In the beginning, like way back in the late 1800s, hackers were not even hackers—they were really more like practical jokers. When Bell Telephone first started up its operations, all incoming and outgoing phone calls had to be routed through a main switchboard, which created the perfect opportunity for some teenage boys who had been hired as “operators” to disconnect or midirect calls. Although this seems like a pretty innocent scenario with pretty low-tech equipment, it could be considered one of the first hacks ever. And from that point forward, the world of hacking only got weirder, more unpredictable, and decidedly darker.
The first real digital hack appeared in the 1960s when computers were mainframes, locked away in temperature-controlled rooms with heavy glass walls. At that time, running these machines was expensive stuff, so even programmers did not have unlimited access to them. But of course, these new technologies were positively fascinating to the young MIT students who wanted to accomplish as much as possible during their time on the keyboard, which is why they created shortcuts known as “hacks” to get things done faster—and oftentimes, better. One of most useful hacks of this time, called UNIX, was created by two employees from the Bell Lab’s think tank—Ken Thompson and Dennis Richie.
The beginning of this decade saw hackers poised and ready to start pushing the boundaries of what was possible. The future had arrived in the minds of many tech-savvy people, and the opportunity had finally arrived to explore it. The wired world had much to offer, and it was during this time that the endeavor of hacking transitioned from humorous mischief to something more serious.
Back in the 70s, making a long-distance phone call was not free. But in 1971, a computer programmer and Vietnam vet named John Draper—or more fondly, Captain Crunch—discovered a way to make free phone calls, a hacking method that became known as phreaking. Like freak but with a “p” for phone. This slang term was coined to describe the endeavors of people like the Captain, who were intent on studying, exploring, and ultimately manipulating the existing telecommunication operations.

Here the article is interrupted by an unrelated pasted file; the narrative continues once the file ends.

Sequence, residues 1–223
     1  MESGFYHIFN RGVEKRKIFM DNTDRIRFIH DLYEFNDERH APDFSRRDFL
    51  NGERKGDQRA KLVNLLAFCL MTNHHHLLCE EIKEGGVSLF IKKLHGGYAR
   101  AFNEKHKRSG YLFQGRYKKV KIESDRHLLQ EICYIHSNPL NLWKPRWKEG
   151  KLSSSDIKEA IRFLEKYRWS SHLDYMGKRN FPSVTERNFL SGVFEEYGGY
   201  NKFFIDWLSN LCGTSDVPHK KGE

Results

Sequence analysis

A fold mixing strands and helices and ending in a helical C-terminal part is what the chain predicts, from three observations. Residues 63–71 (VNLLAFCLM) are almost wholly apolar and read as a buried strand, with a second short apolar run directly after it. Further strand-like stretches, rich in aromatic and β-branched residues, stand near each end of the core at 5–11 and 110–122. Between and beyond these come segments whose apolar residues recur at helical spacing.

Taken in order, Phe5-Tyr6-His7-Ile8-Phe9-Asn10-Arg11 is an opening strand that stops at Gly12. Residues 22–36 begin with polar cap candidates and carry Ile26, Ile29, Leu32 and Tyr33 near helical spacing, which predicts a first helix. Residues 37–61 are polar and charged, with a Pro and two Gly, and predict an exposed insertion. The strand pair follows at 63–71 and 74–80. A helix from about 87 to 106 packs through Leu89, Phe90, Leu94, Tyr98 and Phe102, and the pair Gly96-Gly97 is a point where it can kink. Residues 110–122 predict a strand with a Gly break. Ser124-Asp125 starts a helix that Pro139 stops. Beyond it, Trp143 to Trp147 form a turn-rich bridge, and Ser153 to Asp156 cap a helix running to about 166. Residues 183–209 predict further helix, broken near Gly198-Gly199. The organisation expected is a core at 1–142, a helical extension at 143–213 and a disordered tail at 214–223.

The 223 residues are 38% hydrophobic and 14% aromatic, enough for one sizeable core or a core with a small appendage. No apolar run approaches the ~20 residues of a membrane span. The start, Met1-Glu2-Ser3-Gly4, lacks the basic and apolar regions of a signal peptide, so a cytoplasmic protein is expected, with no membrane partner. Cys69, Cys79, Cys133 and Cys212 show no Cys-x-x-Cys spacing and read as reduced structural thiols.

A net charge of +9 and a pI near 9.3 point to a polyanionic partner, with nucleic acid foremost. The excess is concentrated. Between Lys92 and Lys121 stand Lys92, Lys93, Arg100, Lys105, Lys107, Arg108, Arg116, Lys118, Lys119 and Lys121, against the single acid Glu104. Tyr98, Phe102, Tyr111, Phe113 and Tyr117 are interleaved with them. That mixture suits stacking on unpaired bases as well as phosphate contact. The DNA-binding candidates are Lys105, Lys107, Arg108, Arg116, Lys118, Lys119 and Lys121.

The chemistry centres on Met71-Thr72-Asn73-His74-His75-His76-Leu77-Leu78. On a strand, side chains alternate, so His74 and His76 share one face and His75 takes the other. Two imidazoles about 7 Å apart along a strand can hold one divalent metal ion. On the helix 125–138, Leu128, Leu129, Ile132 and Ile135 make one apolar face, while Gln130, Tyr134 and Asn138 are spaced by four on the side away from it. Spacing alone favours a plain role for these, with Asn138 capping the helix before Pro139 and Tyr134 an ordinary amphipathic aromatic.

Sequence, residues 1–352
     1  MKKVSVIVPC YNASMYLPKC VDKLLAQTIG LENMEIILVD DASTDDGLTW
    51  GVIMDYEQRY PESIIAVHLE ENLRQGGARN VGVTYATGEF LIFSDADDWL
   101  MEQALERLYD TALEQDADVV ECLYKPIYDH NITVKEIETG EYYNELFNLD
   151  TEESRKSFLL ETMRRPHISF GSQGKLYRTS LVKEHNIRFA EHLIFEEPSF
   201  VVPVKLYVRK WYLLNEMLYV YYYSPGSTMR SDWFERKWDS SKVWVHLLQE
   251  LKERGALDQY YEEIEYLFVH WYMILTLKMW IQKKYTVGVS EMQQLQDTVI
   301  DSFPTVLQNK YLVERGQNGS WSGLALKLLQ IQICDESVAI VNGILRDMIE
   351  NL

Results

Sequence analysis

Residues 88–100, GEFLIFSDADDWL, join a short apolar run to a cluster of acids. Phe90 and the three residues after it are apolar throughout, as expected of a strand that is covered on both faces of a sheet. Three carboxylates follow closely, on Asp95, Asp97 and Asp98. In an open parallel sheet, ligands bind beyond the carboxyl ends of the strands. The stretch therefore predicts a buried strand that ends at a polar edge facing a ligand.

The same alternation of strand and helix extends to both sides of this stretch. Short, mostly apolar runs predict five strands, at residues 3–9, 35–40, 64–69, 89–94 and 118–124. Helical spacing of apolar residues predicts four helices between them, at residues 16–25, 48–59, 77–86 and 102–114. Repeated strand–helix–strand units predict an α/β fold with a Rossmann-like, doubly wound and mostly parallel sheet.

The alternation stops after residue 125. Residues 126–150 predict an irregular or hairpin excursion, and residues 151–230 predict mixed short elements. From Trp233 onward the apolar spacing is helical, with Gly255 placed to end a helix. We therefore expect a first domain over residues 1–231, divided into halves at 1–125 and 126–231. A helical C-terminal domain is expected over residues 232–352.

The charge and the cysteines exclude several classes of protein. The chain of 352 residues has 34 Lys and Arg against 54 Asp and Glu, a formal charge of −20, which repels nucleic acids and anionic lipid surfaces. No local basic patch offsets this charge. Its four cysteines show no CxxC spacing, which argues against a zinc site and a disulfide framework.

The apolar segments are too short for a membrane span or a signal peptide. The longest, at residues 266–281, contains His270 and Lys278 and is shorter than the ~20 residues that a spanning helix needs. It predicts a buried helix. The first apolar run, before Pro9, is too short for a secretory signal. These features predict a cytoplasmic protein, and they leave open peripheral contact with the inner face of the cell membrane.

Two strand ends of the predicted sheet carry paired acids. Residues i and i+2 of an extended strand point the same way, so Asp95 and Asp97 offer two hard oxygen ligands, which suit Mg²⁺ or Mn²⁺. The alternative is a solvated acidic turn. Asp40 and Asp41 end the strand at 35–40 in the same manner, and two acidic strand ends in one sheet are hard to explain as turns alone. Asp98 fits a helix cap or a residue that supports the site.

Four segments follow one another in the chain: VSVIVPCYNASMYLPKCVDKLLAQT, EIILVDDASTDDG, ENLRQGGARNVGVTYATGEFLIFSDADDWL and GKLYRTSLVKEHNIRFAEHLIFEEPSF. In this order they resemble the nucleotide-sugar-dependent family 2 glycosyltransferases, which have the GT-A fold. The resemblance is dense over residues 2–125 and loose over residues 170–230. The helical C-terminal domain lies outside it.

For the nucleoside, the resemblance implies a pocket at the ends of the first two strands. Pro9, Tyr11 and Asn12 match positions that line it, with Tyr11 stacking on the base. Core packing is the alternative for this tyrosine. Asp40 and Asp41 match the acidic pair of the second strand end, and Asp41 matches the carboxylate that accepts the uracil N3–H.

Through reverse engineering of the phone system, phreakers were able to recreate the tones used to route long-distance calls to certain areas, thereby empowering themselves to phone up Aunt June in London without paying a dime. Even though there were no real laws in place to forbid this kind of phreaky behavior, it was clearly a step up from the mischief-based hacks of the 60s.
In the period between 1980 and 1983, the number of computers being used in the U.S. literally tripled, from 10 million to 30 million in just three years. And as this use drastically increased, so too did the number of hacks being seen in the wild. This spike in activity was directly caused by IBM’s development of the personal computer, one that could be fully loaded with CPU, software, memory, utilities, storage, and other cool things. And then the 1983 movie “War Games” came out with Matthew Broderick, and things went even crazier. It was the first film to ever show the inner workings of a hacker, and it put the nation on edge as we collectively began to realize the world was, indeed, changing technologically—and not always for the better.